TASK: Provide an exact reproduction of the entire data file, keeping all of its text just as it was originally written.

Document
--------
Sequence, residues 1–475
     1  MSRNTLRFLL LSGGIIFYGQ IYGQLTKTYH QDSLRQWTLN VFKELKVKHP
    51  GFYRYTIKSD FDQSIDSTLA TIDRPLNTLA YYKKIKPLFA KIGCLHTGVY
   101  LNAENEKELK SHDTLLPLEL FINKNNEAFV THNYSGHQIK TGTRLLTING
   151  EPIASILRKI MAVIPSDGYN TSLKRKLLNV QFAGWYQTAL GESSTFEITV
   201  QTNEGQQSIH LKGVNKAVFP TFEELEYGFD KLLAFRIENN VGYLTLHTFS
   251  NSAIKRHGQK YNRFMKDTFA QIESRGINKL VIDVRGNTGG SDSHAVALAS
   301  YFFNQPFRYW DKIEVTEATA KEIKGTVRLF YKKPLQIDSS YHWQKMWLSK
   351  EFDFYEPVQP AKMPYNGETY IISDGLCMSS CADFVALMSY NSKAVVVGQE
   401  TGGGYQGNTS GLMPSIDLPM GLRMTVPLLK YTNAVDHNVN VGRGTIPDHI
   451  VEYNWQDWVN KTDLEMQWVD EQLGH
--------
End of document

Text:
Sequence, residues 1–475
     1  MSRNTLRFLL LSGGIIFYGQ IYGQLTKTYH QDSLRQWTLN VFKELKVKHP
    51  GFYRYTIKSD FDQSIDSTLA TIDRPLNTLA YYKKIKPLFA KIGCLHTGVY
   101  LNAENEKELK SHDTLLPLEL FINKNNEAFV THNYSGHQIK TGTRLLTING
   151  EPIASILRKI MAVIPSDGYN TSLKRKLLNV QFAGWYQTAL GESSTFEITV
   201  QTNEGQQSIH LKGVNKAVFP TFEELEYGFD KLLAFRIENN VGYLTLHTFS
   251  NSAIKRHGQK YNRFMKDTFA QIESRGINKL VIDVRGNTGG SDSHAVALAS
   301  YFFNQPFRYW DKIEVTEATA KEIKGTVRLF YKKPLQIDSS YHWQKMWLSK
   351  EFDFYEPVQP AKMPYNGETY IISDGLCMSS CADFVALMSY NSKAVVVGQE
   401  TGGGYQGNTS GLMPSIDLPM GLRMTVPLLK YTNAVDHNVN VGRGTIPDHI
   451  VEYNWQDWVN KTDLEMQWVD EQLGH